SYDNEY - The 21-year-old student who splurged A$4.6 million (S$4.59 million) given to her mistakenly by a bank in Australia now says she thought her wealthy parents had put the money in her account.
"My parents give me lots of money," says Christine Lee Jia Xin in an affidavit in response to a question on why she thought she had access to that much money, Sydney Morning Herald reported on Sunday (May 22).
Lee is alleged to have spent millions on branded handbags, jewellery, clothes as well as rent on a luxurious apartment over 11 months between 2014 and 2015 using an unlimited overdraft account accidentally given to her by Westpac bank. On one occasion she spent A$300,000 in a day.
The bank realised its error only when Lee transferred A$1.15 million to her PayPal account in 14 transactions in a single day on April 7 last year, the Herald reported.
"I bought clothes, shoes, lots of handbags ... They are in my unit at Rhodes," Lee said in her statement obtained by Fairfax Media, adding that she had only A$4,000 cash left, the Herald reported.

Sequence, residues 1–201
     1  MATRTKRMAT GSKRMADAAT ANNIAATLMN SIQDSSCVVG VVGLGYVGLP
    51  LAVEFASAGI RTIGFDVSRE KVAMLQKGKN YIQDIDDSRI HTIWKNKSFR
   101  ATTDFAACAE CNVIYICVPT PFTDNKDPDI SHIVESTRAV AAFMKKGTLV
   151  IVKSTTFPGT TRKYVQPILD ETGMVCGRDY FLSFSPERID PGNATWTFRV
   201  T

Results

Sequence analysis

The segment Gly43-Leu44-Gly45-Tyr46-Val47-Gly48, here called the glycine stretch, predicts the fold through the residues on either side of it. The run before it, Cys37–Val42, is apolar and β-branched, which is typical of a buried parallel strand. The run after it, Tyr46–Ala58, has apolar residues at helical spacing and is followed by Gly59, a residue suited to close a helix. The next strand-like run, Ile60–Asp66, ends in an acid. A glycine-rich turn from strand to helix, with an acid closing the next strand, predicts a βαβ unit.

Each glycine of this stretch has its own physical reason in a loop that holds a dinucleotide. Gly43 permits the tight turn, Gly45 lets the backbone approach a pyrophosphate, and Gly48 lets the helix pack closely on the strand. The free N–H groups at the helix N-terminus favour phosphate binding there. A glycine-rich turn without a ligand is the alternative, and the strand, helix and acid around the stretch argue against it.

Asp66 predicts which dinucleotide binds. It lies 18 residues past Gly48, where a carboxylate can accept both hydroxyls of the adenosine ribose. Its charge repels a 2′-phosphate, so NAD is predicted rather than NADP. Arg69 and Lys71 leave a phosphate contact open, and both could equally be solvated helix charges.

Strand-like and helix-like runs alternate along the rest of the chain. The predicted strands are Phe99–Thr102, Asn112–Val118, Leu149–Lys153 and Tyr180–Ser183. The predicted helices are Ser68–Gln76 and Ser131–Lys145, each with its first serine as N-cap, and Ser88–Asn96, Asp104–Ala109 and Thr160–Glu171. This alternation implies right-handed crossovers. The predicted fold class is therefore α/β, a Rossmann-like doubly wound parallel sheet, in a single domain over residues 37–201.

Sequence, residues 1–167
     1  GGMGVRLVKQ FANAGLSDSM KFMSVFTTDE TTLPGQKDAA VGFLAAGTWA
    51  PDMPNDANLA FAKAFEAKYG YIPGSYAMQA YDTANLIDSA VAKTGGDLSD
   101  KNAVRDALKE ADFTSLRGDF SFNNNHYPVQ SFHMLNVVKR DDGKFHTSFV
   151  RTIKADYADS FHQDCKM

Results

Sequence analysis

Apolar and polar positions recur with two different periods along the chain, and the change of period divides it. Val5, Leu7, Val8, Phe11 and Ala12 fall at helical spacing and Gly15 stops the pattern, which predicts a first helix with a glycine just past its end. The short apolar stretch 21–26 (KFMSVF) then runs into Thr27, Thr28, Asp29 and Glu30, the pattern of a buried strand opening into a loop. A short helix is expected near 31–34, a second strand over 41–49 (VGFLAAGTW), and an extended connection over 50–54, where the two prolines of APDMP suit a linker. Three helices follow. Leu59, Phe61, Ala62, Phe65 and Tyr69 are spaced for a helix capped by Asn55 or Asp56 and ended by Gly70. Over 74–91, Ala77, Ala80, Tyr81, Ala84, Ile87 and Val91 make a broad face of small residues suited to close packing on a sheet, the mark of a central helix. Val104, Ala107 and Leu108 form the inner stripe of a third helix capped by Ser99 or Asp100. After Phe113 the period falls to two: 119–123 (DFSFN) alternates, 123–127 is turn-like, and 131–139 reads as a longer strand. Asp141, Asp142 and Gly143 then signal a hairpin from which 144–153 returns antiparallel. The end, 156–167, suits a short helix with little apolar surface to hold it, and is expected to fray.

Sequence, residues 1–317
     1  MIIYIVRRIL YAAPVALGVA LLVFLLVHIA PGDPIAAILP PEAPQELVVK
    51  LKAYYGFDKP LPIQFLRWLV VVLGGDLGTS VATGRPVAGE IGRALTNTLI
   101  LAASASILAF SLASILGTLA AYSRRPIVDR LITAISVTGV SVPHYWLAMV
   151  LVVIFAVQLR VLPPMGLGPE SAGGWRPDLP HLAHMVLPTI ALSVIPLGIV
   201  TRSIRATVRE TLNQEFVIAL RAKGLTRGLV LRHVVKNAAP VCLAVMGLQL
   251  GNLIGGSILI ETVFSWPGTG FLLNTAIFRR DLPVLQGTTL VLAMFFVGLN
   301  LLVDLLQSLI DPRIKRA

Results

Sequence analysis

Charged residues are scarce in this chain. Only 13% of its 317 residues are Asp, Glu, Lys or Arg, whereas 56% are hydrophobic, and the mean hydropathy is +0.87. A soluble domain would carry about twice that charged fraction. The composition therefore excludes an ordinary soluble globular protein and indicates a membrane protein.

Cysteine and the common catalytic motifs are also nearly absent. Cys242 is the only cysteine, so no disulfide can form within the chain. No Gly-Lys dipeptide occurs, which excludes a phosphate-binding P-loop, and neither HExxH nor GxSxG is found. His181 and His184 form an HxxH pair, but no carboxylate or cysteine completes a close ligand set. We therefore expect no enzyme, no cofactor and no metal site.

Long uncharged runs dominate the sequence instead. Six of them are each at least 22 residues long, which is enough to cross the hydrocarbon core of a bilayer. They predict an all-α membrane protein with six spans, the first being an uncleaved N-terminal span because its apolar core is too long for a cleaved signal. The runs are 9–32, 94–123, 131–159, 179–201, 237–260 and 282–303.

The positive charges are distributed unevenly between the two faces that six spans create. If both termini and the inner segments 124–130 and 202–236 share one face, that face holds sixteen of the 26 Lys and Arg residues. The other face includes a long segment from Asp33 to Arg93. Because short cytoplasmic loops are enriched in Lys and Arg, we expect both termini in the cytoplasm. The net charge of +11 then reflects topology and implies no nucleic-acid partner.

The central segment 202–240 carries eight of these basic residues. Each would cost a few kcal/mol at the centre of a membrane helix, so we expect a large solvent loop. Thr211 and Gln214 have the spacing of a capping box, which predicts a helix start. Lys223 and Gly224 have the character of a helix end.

"My mother is coming over to visit me in June and will give the bank a cheque," she said. "I have [told my parents about it] and they are not very happy with me."
The third-year chemical engineering student was charged on May 5 with dishonestly obtaining financial advantage by deception, and knowingly dealing with the proceeds of crime. She was arrested at the Sydney airport trying to board a flight to Malaysia on an emergency passport a day earlier.
Westpac obtained court orders last year to seize all her assets, declare her bankrupt and take her passport, the Herald reported. The bank was able to get PayPal to return the A$1.15 million but the rest remains outstanding.
After Lee stopped showing up at court or answering calls, police issued a warrant for her arrest on March 6, 2016.
Her boyfriend Vincent King posted bail of $1,000 to get her out of jail after her arrest on May 4. He claimed to be unaware of his girlfriend's windfall.
A magistrate has indicated that criminal charges may be difficult to prove, given that the bank provided her with the credit.